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Does the NSA Make Us Less Safe?
Posted at 11:26 a.m. on Nov. 18, 2013
Weighing the policy and national security implications of the NSA’s strict adherence to secrecy in its operations, Conor Friedersdorf makes a compelling argument that it could make us less safe.
Recognizing that the need for NSA surveillance is “vital” given the rise of smaller, more frequent terrorist attacks, Friedersdorf argues that a policy of secrecy is not the answer:
“This style of argument should not be allowed to carry the day in America, because if it does, the national security state will cease to be rigorous or accountable in any way.”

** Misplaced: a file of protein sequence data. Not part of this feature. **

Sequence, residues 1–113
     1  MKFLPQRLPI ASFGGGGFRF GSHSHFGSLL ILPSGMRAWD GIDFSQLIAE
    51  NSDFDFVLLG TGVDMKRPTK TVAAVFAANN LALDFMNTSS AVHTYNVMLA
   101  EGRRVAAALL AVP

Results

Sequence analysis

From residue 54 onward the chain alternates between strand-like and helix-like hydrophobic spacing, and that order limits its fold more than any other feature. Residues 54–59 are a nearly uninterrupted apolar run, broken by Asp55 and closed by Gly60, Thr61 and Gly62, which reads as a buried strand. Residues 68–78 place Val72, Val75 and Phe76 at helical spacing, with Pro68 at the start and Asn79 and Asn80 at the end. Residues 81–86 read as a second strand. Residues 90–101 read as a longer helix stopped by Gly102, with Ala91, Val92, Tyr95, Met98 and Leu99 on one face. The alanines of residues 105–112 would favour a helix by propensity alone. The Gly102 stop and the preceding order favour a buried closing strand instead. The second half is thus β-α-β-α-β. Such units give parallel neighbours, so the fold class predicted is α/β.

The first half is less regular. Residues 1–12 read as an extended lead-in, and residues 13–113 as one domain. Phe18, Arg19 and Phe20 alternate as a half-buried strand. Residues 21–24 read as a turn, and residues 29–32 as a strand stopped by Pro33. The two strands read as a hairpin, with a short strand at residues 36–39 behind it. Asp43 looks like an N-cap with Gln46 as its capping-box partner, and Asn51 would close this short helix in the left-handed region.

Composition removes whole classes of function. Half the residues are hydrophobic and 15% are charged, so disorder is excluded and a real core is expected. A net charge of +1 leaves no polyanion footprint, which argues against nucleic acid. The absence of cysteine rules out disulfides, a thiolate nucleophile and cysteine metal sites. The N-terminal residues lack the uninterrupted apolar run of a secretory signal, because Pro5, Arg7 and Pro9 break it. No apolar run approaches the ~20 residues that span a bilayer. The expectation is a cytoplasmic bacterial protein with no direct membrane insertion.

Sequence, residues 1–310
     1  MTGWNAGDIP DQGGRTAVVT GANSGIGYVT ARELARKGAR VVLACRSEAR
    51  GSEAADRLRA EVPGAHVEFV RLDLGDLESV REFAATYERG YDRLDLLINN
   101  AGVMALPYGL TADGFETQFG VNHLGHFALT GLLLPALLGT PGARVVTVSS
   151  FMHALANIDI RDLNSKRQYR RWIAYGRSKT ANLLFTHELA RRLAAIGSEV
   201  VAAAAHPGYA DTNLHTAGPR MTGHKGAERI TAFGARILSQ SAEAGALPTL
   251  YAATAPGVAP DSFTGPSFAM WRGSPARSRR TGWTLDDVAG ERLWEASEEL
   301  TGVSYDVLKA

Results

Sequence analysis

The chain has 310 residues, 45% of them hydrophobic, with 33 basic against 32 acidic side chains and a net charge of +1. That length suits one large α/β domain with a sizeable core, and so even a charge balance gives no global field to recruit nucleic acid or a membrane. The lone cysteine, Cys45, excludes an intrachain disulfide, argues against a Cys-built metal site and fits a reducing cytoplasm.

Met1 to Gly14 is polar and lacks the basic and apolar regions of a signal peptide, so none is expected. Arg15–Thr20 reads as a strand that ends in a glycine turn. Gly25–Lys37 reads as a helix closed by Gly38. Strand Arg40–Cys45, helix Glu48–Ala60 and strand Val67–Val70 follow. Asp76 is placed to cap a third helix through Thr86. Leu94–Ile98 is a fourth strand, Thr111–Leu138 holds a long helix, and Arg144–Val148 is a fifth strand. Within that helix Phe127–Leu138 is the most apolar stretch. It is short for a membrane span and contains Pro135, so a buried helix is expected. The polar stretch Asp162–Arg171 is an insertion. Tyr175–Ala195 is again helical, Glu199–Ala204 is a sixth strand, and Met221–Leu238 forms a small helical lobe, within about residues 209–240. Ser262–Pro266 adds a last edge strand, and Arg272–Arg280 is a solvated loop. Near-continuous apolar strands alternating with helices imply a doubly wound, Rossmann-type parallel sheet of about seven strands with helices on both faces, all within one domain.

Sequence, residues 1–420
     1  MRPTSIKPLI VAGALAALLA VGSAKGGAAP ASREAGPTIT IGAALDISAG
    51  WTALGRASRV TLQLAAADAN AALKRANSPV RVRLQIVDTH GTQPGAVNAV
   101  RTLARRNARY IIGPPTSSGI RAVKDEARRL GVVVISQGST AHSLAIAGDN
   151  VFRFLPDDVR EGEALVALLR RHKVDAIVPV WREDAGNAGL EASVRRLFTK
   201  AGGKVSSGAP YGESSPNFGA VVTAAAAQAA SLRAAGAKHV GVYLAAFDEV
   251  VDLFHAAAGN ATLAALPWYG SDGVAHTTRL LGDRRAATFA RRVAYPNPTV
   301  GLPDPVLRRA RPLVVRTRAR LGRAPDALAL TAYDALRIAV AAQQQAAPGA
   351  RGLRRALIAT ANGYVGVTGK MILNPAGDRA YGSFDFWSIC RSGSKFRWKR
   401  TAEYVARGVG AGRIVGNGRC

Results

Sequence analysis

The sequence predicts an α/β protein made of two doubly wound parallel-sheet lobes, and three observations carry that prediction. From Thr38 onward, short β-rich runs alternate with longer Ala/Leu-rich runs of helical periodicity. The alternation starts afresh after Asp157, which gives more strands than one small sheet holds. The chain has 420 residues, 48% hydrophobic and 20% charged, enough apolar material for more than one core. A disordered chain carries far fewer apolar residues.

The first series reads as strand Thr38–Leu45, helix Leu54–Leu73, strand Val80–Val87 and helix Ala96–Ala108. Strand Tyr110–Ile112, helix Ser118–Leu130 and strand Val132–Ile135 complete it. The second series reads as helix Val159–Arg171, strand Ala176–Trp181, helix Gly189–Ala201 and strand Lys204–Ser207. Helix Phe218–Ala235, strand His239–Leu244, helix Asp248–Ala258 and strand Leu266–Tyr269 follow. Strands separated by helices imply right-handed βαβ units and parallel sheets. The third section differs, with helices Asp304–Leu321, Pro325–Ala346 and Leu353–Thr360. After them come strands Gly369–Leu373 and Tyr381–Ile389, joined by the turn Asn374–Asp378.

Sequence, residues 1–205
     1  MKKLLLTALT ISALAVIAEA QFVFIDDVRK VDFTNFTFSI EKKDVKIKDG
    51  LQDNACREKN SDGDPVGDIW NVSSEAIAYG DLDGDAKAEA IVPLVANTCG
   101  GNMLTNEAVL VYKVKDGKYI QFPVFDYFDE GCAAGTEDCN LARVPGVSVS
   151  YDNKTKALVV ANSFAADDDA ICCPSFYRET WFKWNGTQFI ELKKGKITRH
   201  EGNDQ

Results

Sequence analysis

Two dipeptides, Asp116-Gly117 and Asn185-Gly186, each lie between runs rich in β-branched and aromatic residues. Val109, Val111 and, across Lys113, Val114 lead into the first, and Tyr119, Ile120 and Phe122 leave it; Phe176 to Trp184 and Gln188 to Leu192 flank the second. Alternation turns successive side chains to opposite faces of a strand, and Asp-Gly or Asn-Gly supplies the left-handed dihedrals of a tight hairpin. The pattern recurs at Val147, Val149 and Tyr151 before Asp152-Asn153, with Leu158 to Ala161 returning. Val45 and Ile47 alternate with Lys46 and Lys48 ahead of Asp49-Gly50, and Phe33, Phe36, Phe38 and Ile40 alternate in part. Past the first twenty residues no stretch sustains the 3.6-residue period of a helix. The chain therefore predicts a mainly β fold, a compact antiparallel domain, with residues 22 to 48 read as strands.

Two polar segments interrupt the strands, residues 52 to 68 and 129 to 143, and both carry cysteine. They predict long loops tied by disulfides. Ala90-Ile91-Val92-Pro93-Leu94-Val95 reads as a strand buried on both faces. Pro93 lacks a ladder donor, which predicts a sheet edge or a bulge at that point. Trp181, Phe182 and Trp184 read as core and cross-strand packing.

“Unfortunately, the secrecy that surrounds national security policy makes it impossible to rigorously test how effective NSA surveillance has been. National security officials would have us believe that this secrecy is itself needed to keep us safe. What cannot be denied is that secrecy facilitates the ability of national security bureaucrats to hide it when the policies they champion are working very poorly. If unprecedented NSA surveillance coincides with a rash of small terrorist attacks on the American homeland, the proper response is not to double down. It is to figure out why the counterterrorism policy we’ve pursued for the last ten years has failed, to fire the people responsible, and to try new policies.”